"I've always been drawn to singers with clear, warm voices and lyrics I could understand," Hayes said.
In 2008, she visited Clooney's hometown of Maysville, Ky. With Maysville being a small town, residents wondered why Hayes was visiting, to which she replied, "I'm a fan of Rosemary Clooney."

A clever restaurant owner thought he'd test her trivia know-how and asked Hayes the name of Clooney's best friend. "Blanche Mae Chambers," she quickly replied.

To her delight, the restaurateur arranged for Hayes to meet Chambers the very next day.
"She invited me to her home, showed me pictures of Rosemary, we talked, and then she asked me to come back the very next day, which I gladly did," Hayes said.

Clooney and Chambers were childhood friends, something practically unheard of at the time, since Chambers was African-American.

"(Clooney) had an aunt who was reported as pretty uppity," Hayes said, "and she used to go to Rosemary's grandfather and say, 'What are they going to think when they see them running around and playing with each other?' He said, 'You know what they'll say? They'll think they're friends.' And they were friends until Rosemary died in 2002."

Chambers died on Jan. 11, 2009, while Hayes was performing on a cruise ship.

"She was a wonderful, intelligent lady, and I think you can learn a lot about someone based on the kinds of friends they have," Hayes said. "Blanche was intelligent, very, very wise."

With age comes experience, another reason Hayes enjoys the music of yesteryear. "I'd much rather listen to an older singer, because they can bring their life experiences and their struggles or joys or sorrows to the music," she said.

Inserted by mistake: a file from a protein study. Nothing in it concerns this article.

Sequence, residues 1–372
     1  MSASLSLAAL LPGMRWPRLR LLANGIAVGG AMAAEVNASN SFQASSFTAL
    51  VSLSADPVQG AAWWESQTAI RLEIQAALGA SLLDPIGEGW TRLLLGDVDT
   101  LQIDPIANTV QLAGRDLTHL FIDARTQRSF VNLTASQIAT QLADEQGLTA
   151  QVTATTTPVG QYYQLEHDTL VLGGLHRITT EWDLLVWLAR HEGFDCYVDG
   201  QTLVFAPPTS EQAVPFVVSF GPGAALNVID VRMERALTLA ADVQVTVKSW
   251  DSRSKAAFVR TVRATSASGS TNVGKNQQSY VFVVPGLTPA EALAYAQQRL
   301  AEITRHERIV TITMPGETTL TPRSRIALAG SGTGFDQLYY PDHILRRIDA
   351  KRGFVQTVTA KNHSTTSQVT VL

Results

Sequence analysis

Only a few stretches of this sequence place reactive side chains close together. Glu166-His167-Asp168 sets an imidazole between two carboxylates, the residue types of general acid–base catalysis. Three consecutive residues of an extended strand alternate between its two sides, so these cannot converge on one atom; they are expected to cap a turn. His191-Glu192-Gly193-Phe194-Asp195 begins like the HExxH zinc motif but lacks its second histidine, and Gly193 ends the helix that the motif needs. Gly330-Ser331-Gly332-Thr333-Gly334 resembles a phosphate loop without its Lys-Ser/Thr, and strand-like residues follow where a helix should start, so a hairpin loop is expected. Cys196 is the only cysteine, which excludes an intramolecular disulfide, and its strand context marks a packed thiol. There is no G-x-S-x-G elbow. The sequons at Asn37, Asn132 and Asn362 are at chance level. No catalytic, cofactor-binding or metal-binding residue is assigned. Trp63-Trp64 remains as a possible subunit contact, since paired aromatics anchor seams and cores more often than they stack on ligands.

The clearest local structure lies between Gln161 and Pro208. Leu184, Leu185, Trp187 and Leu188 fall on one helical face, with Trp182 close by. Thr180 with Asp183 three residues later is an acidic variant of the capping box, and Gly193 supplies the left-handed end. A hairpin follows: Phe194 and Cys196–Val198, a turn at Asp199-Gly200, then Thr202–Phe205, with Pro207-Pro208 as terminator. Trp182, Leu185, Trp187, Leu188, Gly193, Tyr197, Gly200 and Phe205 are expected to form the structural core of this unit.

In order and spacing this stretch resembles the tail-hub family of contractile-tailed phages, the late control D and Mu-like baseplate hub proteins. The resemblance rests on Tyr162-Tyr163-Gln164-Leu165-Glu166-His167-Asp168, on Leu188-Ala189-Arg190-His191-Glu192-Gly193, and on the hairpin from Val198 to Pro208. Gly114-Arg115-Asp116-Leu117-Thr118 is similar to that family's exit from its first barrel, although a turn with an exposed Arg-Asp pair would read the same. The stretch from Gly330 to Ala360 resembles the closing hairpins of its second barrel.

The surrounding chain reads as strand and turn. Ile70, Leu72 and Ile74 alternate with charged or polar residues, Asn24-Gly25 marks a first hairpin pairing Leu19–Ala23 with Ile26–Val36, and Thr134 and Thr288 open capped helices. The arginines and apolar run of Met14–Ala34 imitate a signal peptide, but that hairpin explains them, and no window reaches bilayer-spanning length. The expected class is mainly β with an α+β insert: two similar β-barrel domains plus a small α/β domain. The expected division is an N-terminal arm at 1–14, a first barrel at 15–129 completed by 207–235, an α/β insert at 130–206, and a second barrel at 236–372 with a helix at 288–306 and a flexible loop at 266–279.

She hopes to deliver these experiences Sunday, promising standards from Gershwin, Porter, Ellington, Mercer and others, all favorites from the great American songbooks.

"I'm singing some the audience will know and love, and maybe some old gems they've forgotten about," Hayes said.

Joining her are Charles Goodwin (of the Charles Goodwin Big Band from Kingsport, Tenn.) on piano; his son, Fred Goodwin, on bass; area jazz guitarist and ASU instructor Andy Page; and area drummer and ASU instructor Rick Dilling.

"They know everything, and they've played so much together with other people, they can almost sense what everyone else is going to do," Hayes said.

At the same time, it remains personal, an intrinsic quality that Hayes adores, quoting legendary saxophonist Charlie Parker: "Music is your own experience, your own thoughts, your wisdom. If you don't live it, it won't come out of your horn. They teach you there's a boundary line to music, but man, there's no boundary line to art."

Hayes' Blowing Rock Jazz Society concert takes place at the Meadowbrook Inn in Blowing Rock on Sunday, March 14, at 7 p.m. General admission is $15 for nonmembers, $5 for students and free to members.

Membership to the Blowing Rock Jazz Society costs $75 per year. Concerts are held every second Sunday of almost every month at the Meadowbrook Inn restaurant.

The Meadowbrook Inn is located at 711 Main St. in Blowing Rock. For more information, call (828) 295-4300 or visit brjs.blogspot.com.